Yemenite Chicken Soup

When I was growing up virtually all my parents’ friends were Polish.  I don’t remember meeting any Czechs, Russians or Romanians, no less any Sephardic or Mizrahi Jews.  My parents were determined to hold on to their language, their food and their customs.  They belonged to a Landsmanschaft,  a kind of club whose members came from a common town or region, it was a way to help them feel comfortable in their new home.  This was not uncommon at the time, synagogues were also established around cities of origin, as were burial societies.

You might be able to imagine their reaction when I brought home Isaac. J., a young man I met when I was about 16, whose family had moved from Yemen to Israel and then eventually to the United States. The fact that Isaac came from an observant home and that his brother was the Cantor at a local Orthodox synagogue made no difference.  Fortunately for me his family did not have the same reaction.  Isaac’s mother was short in stature but she had a big heart, and in spite of the fact that we didn’t share a common language she always made me feel welcome in her home.  Her kitchen was nothing like any other kitchen I had ever been in, and her dishes included unusual ingredients like cilantro, turmeric, cumin, and Hawaij, herbs and spices I had never seen or tasted.  I remember two dishes that she seemed to prepare each Shabbat, Jachnun, a bread that baked overnight, served with grated tomatoes and Zhug (a spicy Yemenite version of salsa),  and a traditional Yemenite Soup, fragrant and green.  This was not my mother’s chicken soup and matzoh balls.

Last week I went to the home of a friend sitting Shiva and I peered into a pot sitting in the kitchen.  It smelled and looked just like the Yemenite chicken soup that Mrs. J. used to make.  (in fact it was not, but that will have to wait for another post)  Later in the week I came home and made a version of Yemenite soup.  If my parent’s had only tried it, I think they would have liked it.

Yemenite Chicken Soup
6 chicken thighs
3 tablespoons olive oil
2 medium onions, chopped
2 carrots, chopped
2 stalks of celery, chopped
6 cloves of garlic, minced
1 teaspoon ground cumin
1 tbsp hawaij
1 heaping tsp ground turmeric
8 cups water
Salt, to taste
1/2 teaspoon pepper
1 large russet potato, cut into chunks
1 14 oz. can chickpeas, drained
1 bunch fresh spinach washed and chopped OR 1 bag frozen spinach, defrosted and
excess water squeezed out
1 bunch of cilantro, stemmed and chopped
In a large pot, sauté the onions, carrots, and celery in the olive oil over medium heat for about five minutes.  Add the minced garlic, cumin, turmeric and hawaij, and sauté for a minute or two before adding water, salt, and pepper.  Bring to a boil and add chickpeas, chicken and potatoes. Reduce the heat to a simmer,  add the spinach and cover the pan.  Cook for about one hour.  Add chopped cilantro just before serving.  Serves 6
Enjoy,
Irene

Tongue in Spicy Tomato Sauce

Last night I attended the Annual Dinner for the non-profit where I work.  It was held at a restaurant in a very chic hotel in Los Angeles run by a chef who is known for his use of molecular gastronomy.  As I wandered around the room, I felt as if I were in a theatre where the food not only took center stage but the dishes were both unusual and magical.  Everything was bite size, with choices like Cotton Candy Foie Gras, (which I didn’t try) tiny cones filled with cream cheese and topped with salmon caviar, Caprese Salads no bigger than your thumb prepared with liquified mozzarella, and silver spoons that held “Spherical Olives” a process where the chef purees and strains olives to separate the essence, and somehow creates soft little green balls that, despite their olive flavor, are almost foam-like in consistency.  One of my favorite “bites” was the brown egg that looked as if it was soft-boiled but in fact was hollowed out and filled with Flan.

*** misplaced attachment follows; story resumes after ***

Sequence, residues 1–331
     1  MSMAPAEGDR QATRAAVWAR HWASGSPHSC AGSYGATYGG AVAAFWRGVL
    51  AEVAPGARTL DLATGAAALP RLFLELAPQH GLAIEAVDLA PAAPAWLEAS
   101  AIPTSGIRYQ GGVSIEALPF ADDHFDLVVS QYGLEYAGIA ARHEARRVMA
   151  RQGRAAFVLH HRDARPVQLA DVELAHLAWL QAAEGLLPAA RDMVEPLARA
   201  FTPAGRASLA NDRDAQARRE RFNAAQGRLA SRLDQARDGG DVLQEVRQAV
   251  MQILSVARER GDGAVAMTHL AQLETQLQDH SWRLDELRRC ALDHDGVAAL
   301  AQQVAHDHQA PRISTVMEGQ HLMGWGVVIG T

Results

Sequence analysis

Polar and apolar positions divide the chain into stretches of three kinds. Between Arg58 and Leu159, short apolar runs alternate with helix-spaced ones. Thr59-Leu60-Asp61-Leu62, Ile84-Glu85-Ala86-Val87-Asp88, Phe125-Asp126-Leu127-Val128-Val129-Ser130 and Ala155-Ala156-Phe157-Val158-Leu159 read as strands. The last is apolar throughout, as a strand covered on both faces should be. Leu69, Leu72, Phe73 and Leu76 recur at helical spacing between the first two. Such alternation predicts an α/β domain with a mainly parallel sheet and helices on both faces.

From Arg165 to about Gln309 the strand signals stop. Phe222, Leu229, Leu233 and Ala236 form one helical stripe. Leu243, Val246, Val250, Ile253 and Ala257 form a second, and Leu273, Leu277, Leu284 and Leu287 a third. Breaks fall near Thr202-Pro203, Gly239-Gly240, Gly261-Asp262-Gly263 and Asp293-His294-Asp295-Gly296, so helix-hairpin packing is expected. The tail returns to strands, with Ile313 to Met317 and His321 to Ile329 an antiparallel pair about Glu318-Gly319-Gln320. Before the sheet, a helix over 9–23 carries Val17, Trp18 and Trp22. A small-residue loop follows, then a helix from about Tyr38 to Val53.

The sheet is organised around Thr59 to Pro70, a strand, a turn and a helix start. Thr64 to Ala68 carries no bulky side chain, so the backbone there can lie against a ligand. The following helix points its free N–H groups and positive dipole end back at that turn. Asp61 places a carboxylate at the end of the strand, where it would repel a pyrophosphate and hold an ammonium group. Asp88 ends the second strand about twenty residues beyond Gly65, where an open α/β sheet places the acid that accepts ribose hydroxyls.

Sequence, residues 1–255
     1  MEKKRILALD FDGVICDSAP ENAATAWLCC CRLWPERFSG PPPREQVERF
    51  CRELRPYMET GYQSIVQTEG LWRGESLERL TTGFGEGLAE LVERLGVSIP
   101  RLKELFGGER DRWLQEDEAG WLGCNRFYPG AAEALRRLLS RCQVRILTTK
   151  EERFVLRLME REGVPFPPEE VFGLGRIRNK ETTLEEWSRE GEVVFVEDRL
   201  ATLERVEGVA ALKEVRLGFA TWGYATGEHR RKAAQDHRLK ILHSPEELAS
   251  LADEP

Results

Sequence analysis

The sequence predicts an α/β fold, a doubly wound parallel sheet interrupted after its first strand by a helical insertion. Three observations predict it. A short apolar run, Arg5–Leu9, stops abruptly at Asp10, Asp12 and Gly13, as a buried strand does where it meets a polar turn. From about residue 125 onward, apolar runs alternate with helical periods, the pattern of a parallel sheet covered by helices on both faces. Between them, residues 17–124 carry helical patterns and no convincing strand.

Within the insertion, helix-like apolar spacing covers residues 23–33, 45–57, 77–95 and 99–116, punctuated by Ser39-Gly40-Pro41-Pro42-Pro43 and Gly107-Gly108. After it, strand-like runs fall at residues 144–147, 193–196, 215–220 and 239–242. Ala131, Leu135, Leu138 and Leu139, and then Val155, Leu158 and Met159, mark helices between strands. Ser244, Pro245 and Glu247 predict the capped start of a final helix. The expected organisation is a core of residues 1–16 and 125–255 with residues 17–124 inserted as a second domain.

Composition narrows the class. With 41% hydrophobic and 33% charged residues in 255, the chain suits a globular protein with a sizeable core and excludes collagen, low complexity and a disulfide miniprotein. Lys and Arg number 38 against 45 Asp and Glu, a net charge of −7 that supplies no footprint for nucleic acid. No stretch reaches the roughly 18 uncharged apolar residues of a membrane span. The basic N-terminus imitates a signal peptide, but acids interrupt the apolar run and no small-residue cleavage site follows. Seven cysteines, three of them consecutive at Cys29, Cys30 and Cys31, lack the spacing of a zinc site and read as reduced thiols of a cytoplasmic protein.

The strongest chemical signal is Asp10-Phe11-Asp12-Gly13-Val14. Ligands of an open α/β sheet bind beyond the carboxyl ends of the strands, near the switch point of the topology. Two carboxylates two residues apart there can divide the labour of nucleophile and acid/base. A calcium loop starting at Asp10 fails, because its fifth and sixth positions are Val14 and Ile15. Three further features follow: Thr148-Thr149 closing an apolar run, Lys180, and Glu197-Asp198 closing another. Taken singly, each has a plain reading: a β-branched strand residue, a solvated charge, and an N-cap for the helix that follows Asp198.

When all was said and done, I left feeling like I had experienced a great show.  I wasn’t disappointed, but I didn’t have that familiar sensation that you have when you eat a meal that is nourishing, earthy, and soulful, something like the dish I had prepared earlier in the week for a friend, Tongue in Spicy Tomato Sauce.

Tongue in Spicy Tomato Sauce

1 Beef or Calves’ Tongue

Bay Leaf

2 Large Onions

6 Cloves of Garlic

1 Green Pepper

1 tsp chili flakes

1 tsp dried oregano

1 14 oz. can tomato sauce

salt and pepper to taste

In a large pot, cover Tongue with water, bring to a boil and cook for about 15 minutes. Drain and fill pot with fresh water, again making sure tongue is submerged.  Add one large onion cut in half, 1 large bay leaf, 3 cloves of garlic, a pinch of salt and about ½ tsp freshly ground pepper.  Bring to a boil, lower heat to a simmer, cover pot and cook tongue for about 2 hours.  Make sure that tongue can be easily pierced with a fork before removing from heat. Allow to cool completely.

In the meantime chop a large onion and sauté in 2 tbsp olive oil till translucent, about five minutes. Add 3 cloves minced garlic, 1 tsp chili flakes, 1 tsp salt and 1 tsp dried oregano.  Saute for 2-3 minutes.  Add green pepper that you cut into strips. Then add 1-14 oz. can tomato sauce and about 1 cup water.  Cook for about 10 minutes covered, on low flame.